casheroo's avatar

No, I don’t know anyone that is personally happy with it. Most are very upset for the families.
I have a lot of family in Michigan. I know how hard things are there already :(

LKidKyle1985's avatar

I am not happy, but at the same time people have been saying for years, why don’t they make more fuel efficient cars? why don’t they make cheaper cars? foreign car companies have them beat when it comes to this and all it took was record high gas prices for Americans to finally start talking with their money rather than their mouths. So in the long run, I am happy because now maybe the car companies that are left will wise up and make cars that people want.

tinyfaery's avatar

Happy? No. Deserved? Yes.

The salaries of the auto workers themselves are quite bloated compared to equivalent workers for Honda and Mitsubishi. The times, they are a changin’.

_bob's avatar

@RedPowerLady Corporations don’t suffer.

cak's avatar

I don’t know too many people that are happy. I know a lot of small business owners. They keep talking about the total impact that this will have on the local economy (surrounding the corporate offices and plants). Think about the local diners, loss of employees at the plants means loss of customers in the diners. Think of all the suppliers. Uniform companies…all those things, even office supply places. It will impact so many places, it’s just sad.

I know many people that expected this, but no one is particularly happy about it.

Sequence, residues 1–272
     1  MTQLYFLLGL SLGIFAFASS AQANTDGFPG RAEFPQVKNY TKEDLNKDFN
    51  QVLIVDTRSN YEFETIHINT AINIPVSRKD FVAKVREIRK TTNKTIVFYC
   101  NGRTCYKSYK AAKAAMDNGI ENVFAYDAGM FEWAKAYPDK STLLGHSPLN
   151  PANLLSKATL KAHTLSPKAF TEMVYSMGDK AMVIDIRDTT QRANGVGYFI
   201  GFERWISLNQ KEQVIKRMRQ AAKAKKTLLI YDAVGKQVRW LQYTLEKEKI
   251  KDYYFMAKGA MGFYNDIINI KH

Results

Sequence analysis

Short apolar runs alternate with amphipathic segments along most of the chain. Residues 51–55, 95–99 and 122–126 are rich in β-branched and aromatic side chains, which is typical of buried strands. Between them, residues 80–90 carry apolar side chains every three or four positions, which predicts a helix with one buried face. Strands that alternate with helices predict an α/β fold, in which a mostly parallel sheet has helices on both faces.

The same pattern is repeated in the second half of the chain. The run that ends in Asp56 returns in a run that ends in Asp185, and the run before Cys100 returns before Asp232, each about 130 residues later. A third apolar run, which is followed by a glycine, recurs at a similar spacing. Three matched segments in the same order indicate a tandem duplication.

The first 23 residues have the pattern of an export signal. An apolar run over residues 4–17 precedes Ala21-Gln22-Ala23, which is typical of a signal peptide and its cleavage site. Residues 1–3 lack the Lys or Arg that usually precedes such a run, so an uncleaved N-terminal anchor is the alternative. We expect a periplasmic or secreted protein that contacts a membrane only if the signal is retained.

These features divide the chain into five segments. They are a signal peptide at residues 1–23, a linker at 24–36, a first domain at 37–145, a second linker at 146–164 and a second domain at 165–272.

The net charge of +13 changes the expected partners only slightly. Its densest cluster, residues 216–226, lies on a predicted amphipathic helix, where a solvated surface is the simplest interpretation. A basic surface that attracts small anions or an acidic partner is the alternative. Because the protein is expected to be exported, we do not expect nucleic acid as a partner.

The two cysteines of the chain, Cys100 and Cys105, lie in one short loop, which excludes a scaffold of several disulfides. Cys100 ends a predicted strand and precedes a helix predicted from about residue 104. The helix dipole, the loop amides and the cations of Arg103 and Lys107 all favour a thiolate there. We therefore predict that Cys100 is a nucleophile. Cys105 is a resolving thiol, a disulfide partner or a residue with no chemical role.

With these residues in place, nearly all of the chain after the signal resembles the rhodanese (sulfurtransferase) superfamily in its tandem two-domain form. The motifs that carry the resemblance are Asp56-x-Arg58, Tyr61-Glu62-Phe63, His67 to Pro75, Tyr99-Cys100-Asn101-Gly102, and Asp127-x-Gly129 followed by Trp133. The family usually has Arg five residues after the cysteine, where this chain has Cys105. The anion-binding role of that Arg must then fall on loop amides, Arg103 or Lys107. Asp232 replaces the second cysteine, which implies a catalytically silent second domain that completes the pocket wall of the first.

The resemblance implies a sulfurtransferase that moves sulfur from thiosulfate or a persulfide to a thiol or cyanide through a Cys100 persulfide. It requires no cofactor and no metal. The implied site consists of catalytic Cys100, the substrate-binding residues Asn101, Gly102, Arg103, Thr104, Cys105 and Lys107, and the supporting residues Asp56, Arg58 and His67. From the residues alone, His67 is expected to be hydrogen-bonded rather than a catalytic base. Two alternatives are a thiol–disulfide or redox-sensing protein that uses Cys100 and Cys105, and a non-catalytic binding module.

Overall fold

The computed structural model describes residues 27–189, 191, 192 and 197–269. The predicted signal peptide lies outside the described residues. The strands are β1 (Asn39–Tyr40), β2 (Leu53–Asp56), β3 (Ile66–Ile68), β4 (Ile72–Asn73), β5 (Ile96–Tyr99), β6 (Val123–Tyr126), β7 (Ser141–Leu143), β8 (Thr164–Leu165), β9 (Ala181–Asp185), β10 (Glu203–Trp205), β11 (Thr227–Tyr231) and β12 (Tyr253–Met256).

galileogirl's avatar

It’s never “The Corporation” that suffers. The people who made the bad decisions have long since divested themselves of any investment in the company so the stockholders will be left holding the bag. Who are the stockholders? Some of them are baby-boomers who are just getting another kick in the crotch of their 401K’s. Some are pension funds, some are university endowment funds, some are non-profit organizations and trusts, so all of these entities will lose capital and be less able to provide education, pensions, community services.

As far as overpaid auto workers, their average salary (union) is $28/hr, or about $60,000/yr. They also get decent medical benefits and a pension. Hardly a king’s ransom just solidly middle class. Now that they will lose their jobs, they can earn $7.50/hr and we can lose the 33% ($20,000) that they would have paid in various taxes. They also won’t be able to buy a lot of consumer goods so other people who work in maufacturing, retail or entertainment might find their jobs in danger.

It is small and mean-spirited to wish bad for others. Everyone is connected and the bad times for others will eventually impact you.

tinyfaery's avatar

More than I make and I have 2 college degrees (BA and MA). Not feeling bad at all.

_bob's avatar

@tinyfaery Sorry you have a sucky job.

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augustlan's avatar

[Mod says] Personal attacks are not permitted and have been removed. Flame off, folks.

galileogirl's avatar

@tinyfaery As a 20 year teacher, I haven’t reached the $60,000 mark either but that was my choice. Early on I tried blue collar work and realized that repetitive, soul-numbing work in a dirty, noisy environment was not for me. Now that these well paid factory workers are losing their jobs, the loss of their taxes is causing 100’s of well-educated local teachers to lose their jobs too.